If your requirement is to measure a large number of channels, then consider the PicoLog 1012 (12 channels) or the PicoLog 1216 (16 channels). If more channels are required then it is possible to use multiple ADC units on the same PC to give very high channel counts. If you have a number of voltages to record over a wide area, then the EnviroMon networked data logging system can measure up to 30 channels per logger.

How big (or small) are the voltages?

Most of our data logging products have fixed input ranges (2.5 V or 5 V). These can be easily increased through the use of simple potential divider circuits. Our oscilloscope products have software selectable ranges (10 mV to 100 V).

If you wish to measure high voltages then the range of our oscilloscope products can be extended to 1000 V using suitably rated x10 scope probes. For higher voltages, and high-current supplies such as mains (house current), we recommend the use of one of our oscilloscope products with an isolating x100 differential scope probe.

If you wish to measure small voltages, you need to consider the input range of the device and also the resolution.

If your signals have frequency components above 1 kHz then consider our oscilloscope products. If all your signals are lower than 1 kHz you can use either our data logging or oscilloscope products.

How long you wish to record the voltage for

If you wish to record voltages for long periods of time (more than say 5 minutes), then use one of our data loggers or, if you need a stand-alone system, use EnviroMon.


Pico Technology — for all your oscilloscope and data acquisition needs

How do I measure… everything from voltage to the speed of light


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Socrates, (469-399 BC)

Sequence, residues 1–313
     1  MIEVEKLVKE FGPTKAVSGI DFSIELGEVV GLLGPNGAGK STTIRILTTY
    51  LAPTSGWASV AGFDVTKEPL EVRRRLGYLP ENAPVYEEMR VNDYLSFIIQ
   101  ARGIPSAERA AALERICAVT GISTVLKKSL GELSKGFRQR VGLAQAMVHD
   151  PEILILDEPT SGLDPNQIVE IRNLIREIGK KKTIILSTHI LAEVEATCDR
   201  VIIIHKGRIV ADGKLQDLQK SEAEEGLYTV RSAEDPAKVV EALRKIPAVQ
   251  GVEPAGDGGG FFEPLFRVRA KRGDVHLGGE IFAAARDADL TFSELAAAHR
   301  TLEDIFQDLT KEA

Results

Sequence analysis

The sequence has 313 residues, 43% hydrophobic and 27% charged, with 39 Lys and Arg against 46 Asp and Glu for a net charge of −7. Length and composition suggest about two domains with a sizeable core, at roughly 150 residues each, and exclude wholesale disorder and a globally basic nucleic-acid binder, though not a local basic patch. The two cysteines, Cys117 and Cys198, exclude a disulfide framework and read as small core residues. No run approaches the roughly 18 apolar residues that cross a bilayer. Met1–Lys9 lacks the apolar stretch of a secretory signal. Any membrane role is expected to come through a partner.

1. There is only one good, knowledge, and one evil, ignorance.
  2. To find yourself, think for yourself.
  3. I cannot teach anybody anything, I can only make them think.
  4. I was afraid that by observing objects with my eyes and trying to comprehend them with each of my other senses I might blind my soul altogether.
  5. How many are the things I can do without!
  6. The unexamined life is not worth living.
  7. Enjoy yourself — it’s later than you think.
  8. An education obtained with money is worse than no education at all
  9. Whom do I call educated? First, those who manage well the circumstances they encounter day by day. Next, those who are decent and honorable in their intercourse with all men, bearing easily and good naturedly what is offensive in others and being as agreeable and reasonable to their associates as is humanly possible to be… those who hold their pleasures always under control and are not ultimately overcome by their misfortunes… those who are not spoiled by their successes, who do not desert their true selves but hold their ground steadfastly as wise and sober minded men.
  10. True knowledge exists in knowing that you know nothing.
  11. I know that I am intelligent, because I know that I know nothing.
  12. Employ your time in improving yourself by other men’s writings, so that you shall gain easily what others have laboured hard for.
  13. How much there is in the world I do not want.
  14. Education is the kindling of a flame, not the filling of a vessel.
  15. The beginning of wisdom is the definition of terms.
  16. Wisdom begins in wonder